Most cases do not make it to court. Of the domestic violence cases that do reach the courtroom, the majority are resolved through divorce proceedings, rather than in the criminal courts.

At the institutional level, the response to domestic violence in Indonesia may be described as too little, too late. Currently, the gaps in government policy and programs are being filled by NGOs to the best of their capability.

Front-line services

Programs such as Yayasan Pulih in Jakarta and Rifka Anisa in Yogyakarta provide front-line services to Indonesian women. However, community programs to assist victims of domestic violence are largely constrained by funding. The scale and capacity of these programs needs to be increased urgently.

Similarly, front-line women’s services in Australia continually face funding cuts and are often overwhelmed by the number of women seeking assistance. However, as highlighted in the findings of the recent Royal Commission into Family Violence (2016), domestic violence responses in Australia have considerably improved in the last decade. Although there are still failures and limitations, the system is continually progressing. There is now increased reporting of domestic violence to police and greater community and institutional awareness of the dynamics of domestic violence.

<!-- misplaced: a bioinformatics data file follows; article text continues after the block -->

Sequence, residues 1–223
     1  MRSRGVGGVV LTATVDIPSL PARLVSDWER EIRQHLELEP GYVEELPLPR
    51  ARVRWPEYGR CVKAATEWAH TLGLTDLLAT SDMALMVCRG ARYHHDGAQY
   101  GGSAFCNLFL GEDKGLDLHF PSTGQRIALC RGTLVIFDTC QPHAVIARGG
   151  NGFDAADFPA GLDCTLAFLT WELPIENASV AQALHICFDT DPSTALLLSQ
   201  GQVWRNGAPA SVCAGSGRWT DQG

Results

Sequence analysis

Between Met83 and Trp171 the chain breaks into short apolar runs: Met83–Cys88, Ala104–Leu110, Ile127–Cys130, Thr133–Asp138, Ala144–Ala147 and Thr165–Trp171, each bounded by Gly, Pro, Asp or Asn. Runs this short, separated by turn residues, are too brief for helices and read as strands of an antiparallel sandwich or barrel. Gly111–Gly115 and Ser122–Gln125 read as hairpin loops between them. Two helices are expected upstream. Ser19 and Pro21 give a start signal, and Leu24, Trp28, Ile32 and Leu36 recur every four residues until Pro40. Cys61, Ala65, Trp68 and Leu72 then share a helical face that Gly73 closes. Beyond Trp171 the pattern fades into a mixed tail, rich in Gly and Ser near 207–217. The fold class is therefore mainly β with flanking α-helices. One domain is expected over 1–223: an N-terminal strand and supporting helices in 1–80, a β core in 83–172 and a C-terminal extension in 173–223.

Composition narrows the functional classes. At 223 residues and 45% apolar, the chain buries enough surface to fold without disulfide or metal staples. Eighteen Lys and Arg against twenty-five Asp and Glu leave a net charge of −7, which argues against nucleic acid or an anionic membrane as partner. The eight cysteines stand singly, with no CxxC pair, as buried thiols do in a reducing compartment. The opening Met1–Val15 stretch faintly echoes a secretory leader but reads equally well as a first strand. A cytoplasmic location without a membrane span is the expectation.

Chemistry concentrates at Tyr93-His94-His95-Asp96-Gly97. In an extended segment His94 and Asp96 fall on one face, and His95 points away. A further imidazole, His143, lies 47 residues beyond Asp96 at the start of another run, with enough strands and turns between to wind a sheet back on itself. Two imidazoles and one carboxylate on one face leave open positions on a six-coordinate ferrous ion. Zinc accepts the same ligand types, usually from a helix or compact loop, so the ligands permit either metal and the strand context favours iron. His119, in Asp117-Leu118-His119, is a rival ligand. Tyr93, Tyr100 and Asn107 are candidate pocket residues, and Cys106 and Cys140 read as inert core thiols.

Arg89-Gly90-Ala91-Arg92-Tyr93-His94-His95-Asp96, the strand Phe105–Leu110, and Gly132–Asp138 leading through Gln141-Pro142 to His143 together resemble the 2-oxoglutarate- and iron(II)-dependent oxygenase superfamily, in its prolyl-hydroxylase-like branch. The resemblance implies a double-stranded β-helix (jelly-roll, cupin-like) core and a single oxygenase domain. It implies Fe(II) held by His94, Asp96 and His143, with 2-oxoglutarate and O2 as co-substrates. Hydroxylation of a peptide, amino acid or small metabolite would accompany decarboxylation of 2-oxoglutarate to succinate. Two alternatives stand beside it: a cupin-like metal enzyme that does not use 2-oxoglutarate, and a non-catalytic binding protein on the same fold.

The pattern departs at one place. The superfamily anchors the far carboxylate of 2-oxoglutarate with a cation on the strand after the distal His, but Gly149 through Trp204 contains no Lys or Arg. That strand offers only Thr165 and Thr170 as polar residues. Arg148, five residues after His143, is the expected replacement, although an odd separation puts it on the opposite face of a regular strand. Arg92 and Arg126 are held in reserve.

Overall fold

There is a lot that Indonesia can learn from Australia in combating domestic violence. Unfortunately, in light of Australia’s continuing foreign aid cuts, cooperation on domestic violence is unlikely to increase at an intergovernmental level.

However, there remains significant opportunity for Australian NGOs and advocates to collaborate directly with Indonesian NGOs to help tackle domestic violence at the grassroots level.

“Collaboration” does not merely mean the export of Australian knowledge of and approaches to domestic violence. It means the integration of Australian and Indonesian knowledge and the adaptation of Australian approaches to the Indonesian cultural context. Australian Kate Walton explains that when working on gender issues in Indonesia, her organisation has to consider a huge range of elements. These include not only gender but religion, culture, geography, ethnicity and class.

Bilateral collaboration is key

Regardless of their wealth, status, education, religion or ethnicity, women continue to face a high risk of domestic violence. It is not only harmful for individual women, but has broad negative impacts on Australian and Indonesian communities.

Our response to violence defines us as a society. It may be convenient to treat cases like Kariani’s and Lee’s as one-offs, or reduce them to the individual psychology of the abuser, but it is wrong to do so.

Domestic violence reflects deeply unequal power relations between men and women. Patriarchal social structures and gender norms in both Australia and Indonesia perpetuate violence against women.

Collaboration between Australia and Indonesia at a grassroots level has the potential to improve community capacity to prevent and respond to domestic violence. Australians and Indonesians must take the initiative to build bilateral relations and work together to end domestic violence.